24 Days of WordPress Tutorials

Day 10: Creating New Widgetized Areas

When I say “widget” you probably think “sidebar”, right? And you’d be right… well, sort of anyway. In WordPress you’ll normally find widgetized areas in the sidebar of the theme. But there is no reason why widgets can’t be placed elsewhere and used for other things. On this 10th Day of WordPress we’ll look at how to create new widgetized areas in WordPress and how to override the existing widgetized areas in the twentyten theme.

Widgetized areas for just about anything

There are many reasons why you may want to add widgetized areas to your site. You may want to add a seccond column in a sidebar or add a whole new sidebar, you may want to add widgets to your footer or you may want to add a different sidebar alltogether to one of your page or post templates. But widgets and widgetized areas can be used for other things as well. I’ve used them to populate content on the front page, as pop-up messages and as optional spanning banners. A widgetized area is in all honesty just a box controlled from the Appearance -> Widgets area. What you do with that box is up to you.

Setting up a new widgetized area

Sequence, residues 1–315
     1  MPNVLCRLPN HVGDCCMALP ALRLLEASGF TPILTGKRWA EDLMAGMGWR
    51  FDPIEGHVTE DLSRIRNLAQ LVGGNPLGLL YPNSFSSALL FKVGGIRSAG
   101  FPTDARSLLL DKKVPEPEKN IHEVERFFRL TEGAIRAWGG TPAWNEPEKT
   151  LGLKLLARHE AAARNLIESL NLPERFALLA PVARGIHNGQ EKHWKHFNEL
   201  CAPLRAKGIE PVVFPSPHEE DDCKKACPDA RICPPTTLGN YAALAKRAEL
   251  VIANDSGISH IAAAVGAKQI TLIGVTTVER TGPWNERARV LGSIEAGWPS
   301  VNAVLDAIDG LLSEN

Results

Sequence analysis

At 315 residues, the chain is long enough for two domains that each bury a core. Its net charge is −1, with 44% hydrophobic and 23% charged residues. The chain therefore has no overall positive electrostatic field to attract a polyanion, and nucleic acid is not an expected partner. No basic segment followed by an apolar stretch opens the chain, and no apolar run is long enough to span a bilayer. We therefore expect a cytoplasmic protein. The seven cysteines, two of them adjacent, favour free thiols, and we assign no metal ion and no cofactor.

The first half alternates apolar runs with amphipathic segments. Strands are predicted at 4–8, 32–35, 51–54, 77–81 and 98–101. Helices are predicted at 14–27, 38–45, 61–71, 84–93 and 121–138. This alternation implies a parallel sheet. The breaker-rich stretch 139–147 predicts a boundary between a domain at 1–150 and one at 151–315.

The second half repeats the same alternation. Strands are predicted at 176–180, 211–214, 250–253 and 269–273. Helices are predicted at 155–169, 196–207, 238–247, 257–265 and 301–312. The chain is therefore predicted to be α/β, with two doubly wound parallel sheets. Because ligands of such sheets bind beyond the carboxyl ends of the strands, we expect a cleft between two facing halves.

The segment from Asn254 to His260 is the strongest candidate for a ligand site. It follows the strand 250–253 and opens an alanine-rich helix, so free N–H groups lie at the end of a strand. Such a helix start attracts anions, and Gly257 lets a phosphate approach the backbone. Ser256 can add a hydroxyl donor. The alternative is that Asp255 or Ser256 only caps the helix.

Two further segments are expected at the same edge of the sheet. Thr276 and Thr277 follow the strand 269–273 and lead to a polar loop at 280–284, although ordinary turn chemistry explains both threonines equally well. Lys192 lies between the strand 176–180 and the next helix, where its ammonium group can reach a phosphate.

To set up a new widgetized area you need to do two things: One, define the new widgetized area in your theme’s functions.php file and two, add a call to that widgetized area in one of the template files for your theme. Let’s tackle functions.php first:

More than likely your theme already has widgets activated. You’ll find them by going to your functions.php file and looking for a function called widgets_init() or something to that effect. Within that function you have definitions for each of the widgetized areas. The default use function looks like this:

$args = array(
	'name' => sprintf(__('Sidebar %d'), $i ),
	'id' => 'sidebar-$i',
	'description' => '',
	'before_widget' => '
  • ', 'after_widget' => '
  • ', 'before_title' => '

    ', 'after_title' => '

    ' );

    The variables listed here are more or less optional but as a rule of thumb I recommend leaving them all in. For ease of use it’s a good idea to be quite explicit about what you are building. Say for example I’m adding a widgetized area that will display an ad at the top of my site I would create a new widgetized area using this code:

    register_sidebar( array(
    	'name' => ('Header Ad Zone'),
    	'id' => 'headerAdZone',
    	'description' => ('The ad zone that appears at the top of the page'),
    	'before_widget' => '
    ', 'after_widget' => '
    ', ) );

    New Widgetized areaThis produces a the new widgetized area you see to the right.

    The next step is to call this widgetized area from one of your template files. Here we’re going to add a conditional statement that checks whether there is an active widgetized area with content first. That way we’ll avoid trying to activate a widgetized area with nothing in it. The call looks like this:

    <?php if ( ! dynamic_sidebar('headerAdZone') ) : ?>
    <?php endif; ?>

    Here you can choose to insert something between lines 1 and 2 that will be inserted if the widgetized area does not have any widgets in it. The name of the widgetized area (in between the brackets) can be either the name or the ID defined in functions.php

    Changing the widgetized areas in a twentyten child theme